The not-so-sunny truth about rooftop solar subsidies

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This week The Wall Street Journal printed an op-ed “The Hole in the Rooftop Solar-Panel Craze.” The bottom line of the article is clear, “Without subsidies, rooftop solar isn’t close to cost-effective.”

This is something that free market advocates have been saying for a long time. Policies that promote solar over cheaper more affordable alternatives shift cost to everyone else. Subsidies keep solar prices low enough to look like they’re more cost effective but the fact is they’re not.

Here’s an eye-opening excerpt from the piece:

Increasingly, utilities across the country have been calling attention to the problems with rooftop solar. They’ve been urging the pursuit of large-scale solar and other renewables, the moderation of rooftop-solar subsidies, and a restructuring of electric rates to encourage new technologies. They’ve been vilified by armies of PR consultants armed with sound bites about how utilities want to kill solar.

Yet the federal subsidies for solar amount to about $5 billion a year, with more than half of that amount going to rooftop and other, more expensive, non-utility solar plants. If the federal government spent the $5 billion instead subsidizing only utility-scale solar plants, I estimate that it could increase the amount of solar power installed in this country every year by about 65%. And without net metering and all of the other nonsensical state and local subsidies for rooftop solar, we could save this country billions of dollars every year.

I’m all for free-market, unsubsidized or non-mandated solar. If you want to put panels on your roof and then pay your fair share of the grid go for it. I just don’t want to pay increased costs for my neighbor’s choice.

Don’t worry; my aversion for paying for other people’s personal choices isn’t limited to energy. I’m all for you driving a beautiful BMW or the latest Lexus if you can afford one, but while I drive a 12-year-old Chevy I don’t want to subsidize the cost of your new car.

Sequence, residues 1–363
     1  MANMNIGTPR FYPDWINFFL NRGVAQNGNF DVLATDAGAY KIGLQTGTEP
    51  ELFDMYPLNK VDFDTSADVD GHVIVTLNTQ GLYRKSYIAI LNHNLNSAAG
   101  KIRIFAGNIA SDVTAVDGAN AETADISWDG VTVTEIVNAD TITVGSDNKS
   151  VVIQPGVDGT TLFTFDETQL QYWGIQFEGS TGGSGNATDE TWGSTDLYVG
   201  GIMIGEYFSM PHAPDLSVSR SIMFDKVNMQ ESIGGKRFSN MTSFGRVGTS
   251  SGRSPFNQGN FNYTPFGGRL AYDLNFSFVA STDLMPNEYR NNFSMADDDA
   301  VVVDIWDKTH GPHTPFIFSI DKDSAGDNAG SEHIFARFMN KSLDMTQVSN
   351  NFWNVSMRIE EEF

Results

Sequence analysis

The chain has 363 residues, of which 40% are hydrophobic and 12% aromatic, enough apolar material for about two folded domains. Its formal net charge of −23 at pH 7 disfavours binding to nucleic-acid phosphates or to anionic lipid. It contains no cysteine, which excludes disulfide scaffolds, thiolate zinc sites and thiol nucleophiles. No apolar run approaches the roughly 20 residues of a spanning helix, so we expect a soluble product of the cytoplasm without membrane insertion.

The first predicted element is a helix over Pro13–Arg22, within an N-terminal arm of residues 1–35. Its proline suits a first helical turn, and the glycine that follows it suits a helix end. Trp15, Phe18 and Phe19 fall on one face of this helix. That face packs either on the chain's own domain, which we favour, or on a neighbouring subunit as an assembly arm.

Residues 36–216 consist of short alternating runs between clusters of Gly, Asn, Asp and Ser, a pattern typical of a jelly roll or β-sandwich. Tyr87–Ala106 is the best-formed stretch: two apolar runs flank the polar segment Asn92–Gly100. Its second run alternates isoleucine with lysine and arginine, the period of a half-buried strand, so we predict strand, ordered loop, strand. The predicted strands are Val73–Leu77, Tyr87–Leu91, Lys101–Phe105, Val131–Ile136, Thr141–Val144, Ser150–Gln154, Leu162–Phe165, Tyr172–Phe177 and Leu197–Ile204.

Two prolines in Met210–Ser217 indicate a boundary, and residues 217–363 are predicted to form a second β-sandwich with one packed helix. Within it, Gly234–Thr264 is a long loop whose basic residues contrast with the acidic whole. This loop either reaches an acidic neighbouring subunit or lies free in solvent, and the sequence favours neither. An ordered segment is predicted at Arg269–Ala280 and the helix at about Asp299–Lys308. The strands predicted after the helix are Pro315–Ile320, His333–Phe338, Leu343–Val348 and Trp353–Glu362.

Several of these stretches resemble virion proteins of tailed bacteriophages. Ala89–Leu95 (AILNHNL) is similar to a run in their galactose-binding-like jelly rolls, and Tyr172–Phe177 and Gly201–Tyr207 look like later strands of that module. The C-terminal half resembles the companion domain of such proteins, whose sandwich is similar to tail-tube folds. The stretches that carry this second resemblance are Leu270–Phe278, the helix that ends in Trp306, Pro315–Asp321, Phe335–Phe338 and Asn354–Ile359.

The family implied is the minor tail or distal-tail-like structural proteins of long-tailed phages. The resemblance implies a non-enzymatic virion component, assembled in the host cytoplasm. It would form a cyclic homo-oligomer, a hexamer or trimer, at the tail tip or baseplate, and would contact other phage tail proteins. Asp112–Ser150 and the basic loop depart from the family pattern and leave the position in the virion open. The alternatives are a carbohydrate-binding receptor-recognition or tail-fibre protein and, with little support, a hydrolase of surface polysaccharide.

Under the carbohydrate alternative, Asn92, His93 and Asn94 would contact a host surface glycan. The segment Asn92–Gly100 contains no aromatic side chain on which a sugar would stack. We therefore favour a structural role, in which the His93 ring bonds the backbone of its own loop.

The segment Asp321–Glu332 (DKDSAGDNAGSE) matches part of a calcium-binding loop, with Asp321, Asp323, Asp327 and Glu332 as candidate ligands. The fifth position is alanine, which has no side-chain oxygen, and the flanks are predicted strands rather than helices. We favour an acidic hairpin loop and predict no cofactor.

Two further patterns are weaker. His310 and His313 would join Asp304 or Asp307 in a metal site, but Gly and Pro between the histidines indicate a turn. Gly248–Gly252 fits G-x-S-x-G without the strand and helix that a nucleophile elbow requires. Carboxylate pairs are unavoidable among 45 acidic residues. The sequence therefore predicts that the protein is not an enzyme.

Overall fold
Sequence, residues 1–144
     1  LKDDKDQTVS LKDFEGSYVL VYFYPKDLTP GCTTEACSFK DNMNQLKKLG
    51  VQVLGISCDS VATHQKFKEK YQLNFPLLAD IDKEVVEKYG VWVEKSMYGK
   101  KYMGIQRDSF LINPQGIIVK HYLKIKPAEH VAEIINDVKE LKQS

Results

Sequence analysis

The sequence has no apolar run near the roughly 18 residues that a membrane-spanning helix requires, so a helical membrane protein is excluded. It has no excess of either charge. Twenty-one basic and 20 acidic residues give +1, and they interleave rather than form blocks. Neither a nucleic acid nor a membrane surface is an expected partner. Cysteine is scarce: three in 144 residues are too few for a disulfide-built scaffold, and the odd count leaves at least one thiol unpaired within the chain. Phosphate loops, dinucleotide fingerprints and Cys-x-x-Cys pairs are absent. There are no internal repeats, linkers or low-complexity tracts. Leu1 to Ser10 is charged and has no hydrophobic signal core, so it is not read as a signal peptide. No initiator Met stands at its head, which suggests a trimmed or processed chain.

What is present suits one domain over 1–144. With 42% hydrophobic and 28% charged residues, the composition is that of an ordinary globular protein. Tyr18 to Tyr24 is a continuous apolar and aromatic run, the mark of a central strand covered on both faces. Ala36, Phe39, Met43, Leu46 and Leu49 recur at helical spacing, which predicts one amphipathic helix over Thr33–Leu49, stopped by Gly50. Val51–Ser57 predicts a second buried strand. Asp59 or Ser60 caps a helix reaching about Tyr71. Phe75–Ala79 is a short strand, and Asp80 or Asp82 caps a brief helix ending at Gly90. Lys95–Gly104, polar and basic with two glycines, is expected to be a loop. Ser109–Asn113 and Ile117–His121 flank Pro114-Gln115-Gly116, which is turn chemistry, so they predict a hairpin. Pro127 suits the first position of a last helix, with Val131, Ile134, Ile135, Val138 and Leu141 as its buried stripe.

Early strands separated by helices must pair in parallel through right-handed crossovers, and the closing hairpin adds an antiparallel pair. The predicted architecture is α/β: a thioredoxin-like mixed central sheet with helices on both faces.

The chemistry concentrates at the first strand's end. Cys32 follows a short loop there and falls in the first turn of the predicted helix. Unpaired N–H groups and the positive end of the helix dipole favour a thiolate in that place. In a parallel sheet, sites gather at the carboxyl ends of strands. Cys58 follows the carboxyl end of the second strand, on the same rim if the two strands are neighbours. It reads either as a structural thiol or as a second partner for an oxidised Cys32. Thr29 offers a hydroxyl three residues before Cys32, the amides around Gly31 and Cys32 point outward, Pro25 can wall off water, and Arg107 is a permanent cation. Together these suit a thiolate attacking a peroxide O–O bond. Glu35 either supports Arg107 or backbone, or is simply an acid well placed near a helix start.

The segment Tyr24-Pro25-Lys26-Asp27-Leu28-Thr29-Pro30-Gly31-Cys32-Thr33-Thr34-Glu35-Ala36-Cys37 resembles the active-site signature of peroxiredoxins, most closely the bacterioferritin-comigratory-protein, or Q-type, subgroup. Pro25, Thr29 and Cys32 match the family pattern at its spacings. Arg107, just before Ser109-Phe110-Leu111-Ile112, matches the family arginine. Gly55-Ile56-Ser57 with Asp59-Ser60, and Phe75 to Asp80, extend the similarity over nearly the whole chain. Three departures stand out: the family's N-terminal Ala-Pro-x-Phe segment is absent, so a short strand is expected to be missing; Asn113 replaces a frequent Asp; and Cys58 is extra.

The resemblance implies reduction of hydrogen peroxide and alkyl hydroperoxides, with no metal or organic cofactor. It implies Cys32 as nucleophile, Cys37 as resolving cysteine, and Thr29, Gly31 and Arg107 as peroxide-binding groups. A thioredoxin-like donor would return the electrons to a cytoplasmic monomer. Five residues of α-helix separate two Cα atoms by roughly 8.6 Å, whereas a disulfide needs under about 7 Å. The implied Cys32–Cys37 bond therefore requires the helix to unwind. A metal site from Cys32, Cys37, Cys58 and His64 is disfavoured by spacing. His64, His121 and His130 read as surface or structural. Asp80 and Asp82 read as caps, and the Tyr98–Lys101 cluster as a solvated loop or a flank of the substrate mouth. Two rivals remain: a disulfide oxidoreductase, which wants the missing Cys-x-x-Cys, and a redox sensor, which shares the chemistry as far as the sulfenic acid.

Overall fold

More specific to the energy discussion and analysis, I don’t want to pay more for you to put premium unleaded gasoline in your luxury sedan. That’s your value judgment. And I applaud your ability to make it because it’s the American way. But it’s not fair and it’s not right for the elderly person on a fixed income trying to fill up behind you to pay more for their gas because of your personal choice. That’s also the American way. We are responsible for the actions we take and the products and services we choose. Our choices should have as little impact as possible on the next person, and that’s the crux of this debate.

Oh, and by the way, that regular unleaded 87 octane gasoline I’m putting in my Chevrolet meets all federal regulations for clean air.

There are groups in Alabama who will cry foul at the reality of the solar situation. They’ll say that if you take the free-market position you must be for big utilities. It’s as if those who support solar subsidies and mandates think consumers are too dumb to do simple math or are too naive to question the actual motives behind those pushing for more and more tax incentives that benefit an industry that otherwise couldn’t stand on its own.

I’ve heard all the arguments before but the fact is if environmentalists really wanted to create change in the utility market, they’d promote utility grade solar based on a free market.

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